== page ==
Another tectonic shift occurring in the automotive sector is the shift to renewable energy, specifically electric cars. While the idea of an electric car is not new, mass adoption is. Estimates by Morgan Stanley suggest that battery powered car sales (as a percentage of new car sales) will be 9% by 2025 and 16% by 2030 in their base case scenario. Their analyst team proposes that political pressure and emission standards will create a difficult climate for traditional combustion engines going forward. They also mentioned that combustion sales will peak soon or already have.
Driving range has been a consumer concern since the idea of a battery power car, but as Morgan Stanley emphasizes, “major auto parts manufacturers are launching plans for new electric vehicle [batteries] that have an expanded range of 300 miles.” 300 miles seems to be the goal for many, however Tesla is already beyond that benchmark
The Estimated Time of Arrival
So when will autonomous electric cars be in the majority of driveways? That depends. First off, the level of automation is a key variable to understand before suggesting an ETA. A majority of the first generation of autonomous vehicles are already here, like the BMW i3 Series or various Tesla models with Autopilot. These vehicles are between levels 2 and 3 on the National Highway Traffic Safety Administration scale of automation (partial /conditional automation to be specific). The graphic below explains these levels. A fully autonomous vehicle (level 5) is still on the horizon and ultimately the end goal.
Judging by various press releases, PR departments are preparing the public for self-driving levels 3 and 4 as early as 2020. For example, according to Toyota’s 2016 CES report, autonomous highway driving is expected to arrive from Honda and Toyota in 2020. Slightly more challenging metropolitan self-driving is not expected until later, Nissan for example expects urban driving by 2025. The aforementioned Ford ride-sharing service due in 2021 will be level 4.
Some companies are currently mulling over level 3 automation altogether however. Some firms suggest that level 3 might do more harm than good, because users might become too comfortable with the technology, despite the fact that they might need to still intervene for some situations. Companies like Ford, Volvo and Google have adopted such thinking…so there might not be a widespread ETA for level 3. Automation is coming, but it will be scattered.
Alternative Ways to Invest in These Trends
Other than the tech/auto companies mentioned, there are numerous ways investors can play this shift.
One of the “under the hood” ways to invest in the future of transportation is via Nvidia. According to the firm’s latest 10-Q, the automotive sector drove 7.2% of total revenues. Nvidia, for example, supplies the supercomputer and digital instrument cluster (aka the digital dashboard) for Tesla. Other players like Mobileye – who is currently in the process of being acquired by Intel- is pushing the industry forward with their EyeWatch and sensor technology that interprets hazards in real time for drivers.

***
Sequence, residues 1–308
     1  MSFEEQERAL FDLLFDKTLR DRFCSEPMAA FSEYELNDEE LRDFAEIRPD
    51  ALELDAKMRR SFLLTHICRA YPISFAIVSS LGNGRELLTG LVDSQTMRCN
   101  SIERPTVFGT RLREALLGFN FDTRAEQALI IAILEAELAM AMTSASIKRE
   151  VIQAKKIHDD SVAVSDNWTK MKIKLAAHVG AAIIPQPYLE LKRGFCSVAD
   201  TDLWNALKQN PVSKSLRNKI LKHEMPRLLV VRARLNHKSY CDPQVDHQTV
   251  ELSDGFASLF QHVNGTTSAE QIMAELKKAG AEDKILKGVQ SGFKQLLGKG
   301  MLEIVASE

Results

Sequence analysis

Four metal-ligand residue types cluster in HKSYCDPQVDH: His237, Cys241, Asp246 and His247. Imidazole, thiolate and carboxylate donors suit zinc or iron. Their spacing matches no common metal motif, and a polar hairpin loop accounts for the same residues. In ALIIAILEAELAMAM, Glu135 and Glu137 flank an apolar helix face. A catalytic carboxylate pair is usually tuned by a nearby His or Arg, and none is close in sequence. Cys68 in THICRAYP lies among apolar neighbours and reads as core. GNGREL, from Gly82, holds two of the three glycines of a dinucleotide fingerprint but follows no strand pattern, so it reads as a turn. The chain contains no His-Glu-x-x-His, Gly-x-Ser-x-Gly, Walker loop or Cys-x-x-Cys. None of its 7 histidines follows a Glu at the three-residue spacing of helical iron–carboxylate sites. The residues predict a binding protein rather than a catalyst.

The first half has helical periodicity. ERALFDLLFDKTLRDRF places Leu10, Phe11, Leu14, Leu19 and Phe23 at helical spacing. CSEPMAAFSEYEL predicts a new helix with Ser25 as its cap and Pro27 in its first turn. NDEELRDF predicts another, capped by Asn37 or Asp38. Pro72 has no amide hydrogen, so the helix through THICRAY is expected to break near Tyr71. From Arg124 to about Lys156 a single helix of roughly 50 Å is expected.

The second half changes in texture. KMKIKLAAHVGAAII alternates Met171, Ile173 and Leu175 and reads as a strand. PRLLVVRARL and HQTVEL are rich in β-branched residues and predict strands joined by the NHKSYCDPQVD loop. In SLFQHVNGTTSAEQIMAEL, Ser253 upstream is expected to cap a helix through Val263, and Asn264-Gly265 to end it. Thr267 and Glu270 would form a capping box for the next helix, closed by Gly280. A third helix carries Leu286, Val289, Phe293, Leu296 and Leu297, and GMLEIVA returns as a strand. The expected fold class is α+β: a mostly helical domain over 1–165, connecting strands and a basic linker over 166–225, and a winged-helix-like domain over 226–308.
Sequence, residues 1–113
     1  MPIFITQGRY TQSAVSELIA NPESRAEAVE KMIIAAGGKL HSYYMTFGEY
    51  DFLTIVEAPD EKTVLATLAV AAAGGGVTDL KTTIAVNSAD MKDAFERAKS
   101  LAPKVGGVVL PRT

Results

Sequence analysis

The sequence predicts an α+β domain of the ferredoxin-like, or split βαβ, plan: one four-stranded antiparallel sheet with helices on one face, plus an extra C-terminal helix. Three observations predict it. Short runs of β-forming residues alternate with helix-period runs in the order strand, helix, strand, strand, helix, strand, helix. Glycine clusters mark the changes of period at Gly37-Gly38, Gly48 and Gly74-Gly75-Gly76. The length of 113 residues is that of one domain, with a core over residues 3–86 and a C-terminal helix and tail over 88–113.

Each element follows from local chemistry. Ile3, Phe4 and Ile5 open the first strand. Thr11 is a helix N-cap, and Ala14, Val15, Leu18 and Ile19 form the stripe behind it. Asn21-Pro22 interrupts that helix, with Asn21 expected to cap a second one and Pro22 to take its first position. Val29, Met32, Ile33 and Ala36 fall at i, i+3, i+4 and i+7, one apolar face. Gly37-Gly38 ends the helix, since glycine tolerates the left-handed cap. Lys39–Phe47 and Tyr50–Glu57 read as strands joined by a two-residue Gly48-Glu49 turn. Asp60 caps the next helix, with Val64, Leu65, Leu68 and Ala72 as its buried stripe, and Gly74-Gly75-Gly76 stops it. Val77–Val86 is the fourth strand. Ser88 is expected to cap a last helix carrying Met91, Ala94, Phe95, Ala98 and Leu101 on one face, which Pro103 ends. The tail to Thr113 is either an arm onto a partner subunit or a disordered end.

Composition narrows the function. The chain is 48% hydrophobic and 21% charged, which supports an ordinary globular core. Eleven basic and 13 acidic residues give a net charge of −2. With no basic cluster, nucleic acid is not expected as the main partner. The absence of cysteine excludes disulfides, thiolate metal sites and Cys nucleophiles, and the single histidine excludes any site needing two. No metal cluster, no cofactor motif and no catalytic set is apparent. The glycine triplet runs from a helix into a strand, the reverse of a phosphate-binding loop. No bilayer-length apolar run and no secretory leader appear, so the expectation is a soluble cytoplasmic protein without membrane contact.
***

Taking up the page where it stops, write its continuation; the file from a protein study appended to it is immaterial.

Goldman Sachs recently published an equity research report in May 2017 which outlined all the big moves and investments by the major automotive players. Their positioning is displayed below.9
Automation has disrupted countless industries, but given the complexities and large stakes involved in autonomous driving, consumer facing progress has been slow to some observers. Behind the scenes, material progress is being made and a roll out from San Francisco plus Detroit and beyond will arrive in just a few years. Self-driving at a high level will be an available reality sooner than later for those who want to stay on the cutting edge.
Aside from consumer facing vehicles, autonomous trucks and even the recently proposed hyperloop mode of transportation will change the logistics of commerce too. These areas of innovation are also being attacked by the usual suspects and a few startups. An interesting development in the logistics game has been Amazon beefing up its transportation services. The $466 billion-dollar company has reportedly been working on an app that connects drivers with deliveries and put together a 12-person think tank to explore how the firm can leverage self-driving technology. Not only will your drive to work be changing, but so will your deliveries.
- California DMV Final Statements of Reasons. September 25, 2017.
- EV Volumes Report, Europe Plug-in Sales for H1 of 2017 + Updates for July and August.
- U.S. Bureau of Economic Analysis, Total Vehicle Sales [TOTALSA], retrieved from FRED, Federal Reserve Bank of St. Louis; https://fred.stlouisfed.org/series/TOTALSA, October 3, 2017.
- U.S. Bureau of Economic Analysis, Auto Inventory/Sales Ratio [AISRSA], retrieved from FRED, Federal Reserve Bank of St. Louis; https://fred.stlouisfed.org/series/AISRSA, October 3, 2017.
- U.S. Bureau of Economic Analysis, Domestic Auto Production [DAUPSA], retrieved from FRED, Federal Reserve Bank of St. Louis; https://fred.stlouisfed.org/series/DAUPSA, October 3, 2017
- Levin, Doron. The Street. General Motors Discloses Why is Paid $581 for Cruise Automation. July 21, 2016.
- Ford Motors Press Release. Ford Targets Fully Autonomous Vehicle For Ride Sharing in 2021; Invests in new Tech Companies, Doubles Silicon Valley Team, August 16, 2016.
- Navigant Research Leaderboard Report: Automated Driving. Q2 2017.
- Goldman Sachs Global Investment Research, Equity Research Report, Rethinking Mobility. May 23, 2017.
Elite Wealth Management Team
Full Disclosures: http://elitewm.com/disclosures/